GLAA celebrates as new anti-harassment law takes effect
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GLAA on Human Rights

For Immediate Release

CONTACT: Bob Summersgill
(202) 667-5139

GLAA celebrates as new anti-harassment law takes effect

The Gay and Lesbian Activists Alliance of Washington (GLAA), the nation's oldest continuously active gay and lesbian civil rights organization, is celebrating a new anti-harassment law that took effect on October 1, 2002.

The new statute, which explicitly defines harassment in employment, housing, education, public accommodations, and credit as acts of illegal discrimination, was passed by the Council and signed by Mayor Anthony A. Williams earlier this year. It became effective on October 1 upon completion of the mandatory 30-day Congressional review period. No efforts were made on Capitol Hill to overturn the legislation, which was originally Bill 14-132 but which will henceforth be known as Act 14-399.

The new law not only defines sexual harassment as a prohibited act of sex discrimination. It also forbids arbitrary harassment of anyone in the District of Columbia on the basis of any of the categories protected by the D.C. Human Rights Law of 1977: race, color, religion, sex, age, marital status, personal appearance, sexual orientation, familial status, family responsibilities, matriculation, political affiliation, disability, source of income, and place of residence or business.

The District's landmark 1977 civil rights law, originally enacted in 1973 — one of the strongest and most comprehensive in the country — has been further improved under the new law by its guarantee of direct access to the courts for both residents and D.C. government employees who feel they have been victimized by illegal discrimination.

Direct citizen access to the courts had been impeded by the D.C. Office of the Corporation Counsel, which had argued in several cases that citizens could not sue the District government for alleged discrimination without first filing a complaint with the chronically-backlogged Office of Human Rights (OHR). Although the courts have consistently rejected that argument, it remained a factor that helped delay the settlement of a suit filed by the mother of the late Tyra Hunter, the transgendered woman who was deliberately denied medical assistance by D.C. firefighter Adrian Williams in a notorious August 1995 incident.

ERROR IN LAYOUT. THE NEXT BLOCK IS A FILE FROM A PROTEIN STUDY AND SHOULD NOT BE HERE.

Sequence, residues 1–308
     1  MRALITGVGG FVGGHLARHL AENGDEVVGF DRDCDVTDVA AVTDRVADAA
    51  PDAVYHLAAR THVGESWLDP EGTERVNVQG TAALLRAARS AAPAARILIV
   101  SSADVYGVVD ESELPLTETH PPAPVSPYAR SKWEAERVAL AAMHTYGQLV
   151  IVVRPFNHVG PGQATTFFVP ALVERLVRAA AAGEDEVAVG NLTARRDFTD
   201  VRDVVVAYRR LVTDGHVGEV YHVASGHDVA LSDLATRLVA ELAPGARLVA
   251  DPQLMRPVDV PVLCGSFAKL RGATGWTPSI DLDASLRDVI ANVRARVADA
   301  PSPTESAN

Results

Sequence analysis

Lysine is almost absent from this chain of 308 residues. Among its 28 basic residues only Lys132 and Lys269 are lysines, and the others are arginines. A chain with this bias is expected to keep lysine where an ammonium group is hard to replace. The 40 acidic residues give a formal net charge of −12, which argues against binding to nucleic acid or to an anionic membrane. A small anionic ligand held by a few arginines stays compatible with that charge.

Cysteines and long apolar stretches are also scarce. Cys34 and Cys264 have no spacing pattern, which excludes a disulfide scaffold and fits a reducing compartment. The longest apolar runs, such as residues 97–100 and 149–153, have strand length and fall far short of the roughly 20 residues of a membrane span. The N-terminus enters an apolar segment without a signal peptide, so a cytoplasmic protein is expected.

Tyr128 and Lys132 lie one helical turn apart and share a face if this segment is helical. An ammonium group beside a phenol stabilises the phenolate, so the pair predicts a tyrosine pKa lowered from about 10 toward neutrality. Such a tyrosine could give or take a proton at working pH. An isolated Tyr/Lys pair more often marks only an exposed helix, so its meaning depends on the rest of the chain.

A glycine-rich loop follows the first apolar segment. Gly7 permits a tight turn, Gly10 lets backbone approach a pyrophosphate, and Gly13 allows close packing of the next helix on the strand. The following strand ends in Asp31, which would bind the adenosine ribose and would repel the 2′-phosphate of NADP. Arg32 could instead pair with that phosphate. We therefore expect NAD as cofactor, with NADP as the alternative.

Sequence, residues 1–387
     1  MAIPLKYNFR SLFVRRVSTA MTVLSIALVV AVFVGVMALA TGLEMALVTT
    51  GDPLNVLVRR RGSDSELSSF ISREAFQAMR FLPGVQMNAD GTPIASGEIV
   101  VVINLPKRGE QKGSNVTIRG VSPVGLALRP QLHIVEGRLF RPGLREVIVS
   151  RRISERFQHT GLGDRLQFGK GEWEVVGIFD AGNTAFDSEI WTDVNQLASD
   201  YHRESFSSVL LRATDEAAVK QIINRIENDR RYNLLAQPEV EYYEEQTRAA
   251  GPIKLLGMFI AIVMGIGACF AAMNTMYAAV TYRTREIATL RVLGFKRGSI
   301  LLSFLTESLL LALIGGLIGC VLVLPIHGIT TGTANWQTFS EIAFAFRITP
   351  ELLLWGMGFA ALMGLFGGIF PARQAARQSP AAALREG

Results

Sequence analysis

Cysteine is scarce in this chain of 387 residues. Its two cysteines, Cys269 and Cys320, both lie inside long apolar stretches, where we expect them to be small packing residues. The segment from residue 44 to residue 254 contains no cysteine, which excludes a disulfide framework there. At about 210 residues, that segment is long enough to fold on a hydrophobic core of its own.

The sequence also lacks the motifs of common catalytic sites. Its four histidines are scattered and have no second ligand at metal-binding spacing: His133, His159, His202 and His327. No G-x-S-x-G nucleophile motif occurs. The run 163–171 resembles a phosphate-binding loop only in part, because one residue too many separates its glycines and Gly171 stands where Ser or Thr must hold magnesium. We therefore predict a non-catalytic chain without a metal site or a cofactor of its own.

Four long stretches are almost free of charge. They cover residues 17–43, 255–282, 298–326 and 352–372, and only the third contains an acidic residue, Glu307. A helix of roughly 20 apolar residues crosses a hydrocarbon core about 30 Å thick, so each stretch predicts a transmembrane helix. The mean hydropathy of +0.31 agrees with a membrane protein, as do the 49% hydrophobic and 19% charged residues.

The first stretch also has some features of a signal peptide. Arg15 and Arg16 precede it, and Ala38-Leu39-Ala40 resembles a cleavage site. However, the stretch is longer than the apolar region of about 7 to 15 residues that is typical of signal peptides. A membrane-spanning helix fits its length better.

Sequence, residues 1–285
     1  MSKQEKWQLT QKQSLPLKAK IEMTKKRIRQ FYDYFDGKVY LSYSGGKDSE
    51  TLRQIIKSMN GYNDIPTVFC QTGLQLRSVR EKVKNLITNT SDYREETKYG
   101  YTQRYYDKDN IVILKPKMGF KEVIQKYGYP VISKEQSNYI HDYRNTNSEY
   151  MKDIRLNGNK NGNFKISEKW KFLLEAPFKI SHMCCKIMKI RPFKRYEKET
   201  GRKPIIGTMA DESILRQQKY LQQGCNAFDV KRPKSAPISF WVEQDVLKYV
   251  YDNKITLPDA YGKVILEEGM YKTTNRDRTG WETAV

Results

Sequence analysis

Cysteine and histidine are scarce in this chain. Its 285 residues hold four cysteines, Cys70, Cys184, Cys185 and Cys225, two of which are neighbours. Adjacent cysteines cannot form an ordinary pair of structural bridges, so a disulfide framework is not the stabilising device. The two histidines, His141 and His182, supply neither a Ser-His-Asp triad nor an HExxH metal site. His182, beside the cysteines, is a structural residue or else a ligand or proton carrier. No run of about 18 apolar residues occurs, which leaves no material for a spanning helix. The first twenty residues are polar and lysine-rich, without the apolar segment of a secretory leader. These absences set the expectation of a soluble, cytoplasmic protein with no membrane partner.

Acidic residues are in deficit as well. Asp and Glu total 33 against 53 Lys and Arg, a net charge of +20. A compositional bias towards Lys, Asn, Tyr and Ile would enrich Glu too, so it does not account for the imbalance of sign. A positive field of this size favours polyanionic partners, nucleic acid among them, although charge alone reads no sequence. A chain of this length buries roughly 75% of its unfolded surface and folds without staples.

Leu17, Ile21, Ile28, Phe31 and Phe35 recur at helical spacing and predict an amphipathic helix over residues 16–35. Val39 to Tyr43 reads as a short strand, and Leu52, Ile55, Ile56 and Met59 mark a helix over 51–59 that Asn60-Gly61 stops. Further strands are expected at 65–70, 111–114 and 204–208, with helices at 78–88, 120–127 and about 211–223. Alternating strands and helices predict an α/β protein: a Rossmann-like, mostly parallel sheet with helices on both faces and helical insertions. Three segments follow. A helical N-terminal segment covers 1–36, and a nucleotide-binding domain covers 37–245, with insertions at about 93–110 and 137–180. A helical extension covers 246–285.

The 1977 law had required D.C. government employees to exhaust their administrative remedies with OHR before filing a discrimination lawsuit in the courts. The new law removes that restriction, granting District government employees the same court access as enjoyed by other D.C. residents.

GLAA President Bob Summersgill lauded the leadership provided by several elected officials and local organizations, singling out Councilmember Carol Schwartz, who introduced the original version of the legislation; Councilmember Jim Graham, who as Chairman of the Council Subcommittee on Human Rights, Latino Affairs, and Property Management championed the bill through passage; Metro DC PFLAG for their early support; and the ACLU of the National Capital Area (ACLU/NCA), most notably for its leadership in securing equal access to the courts for District government workers.

For further details, please consult the full text of the law at:
Mr. Summersgill's testimony on the bill from last December is on GLAA's website at:
The ACLU/NCA's testimony from the same hearing is also available at:

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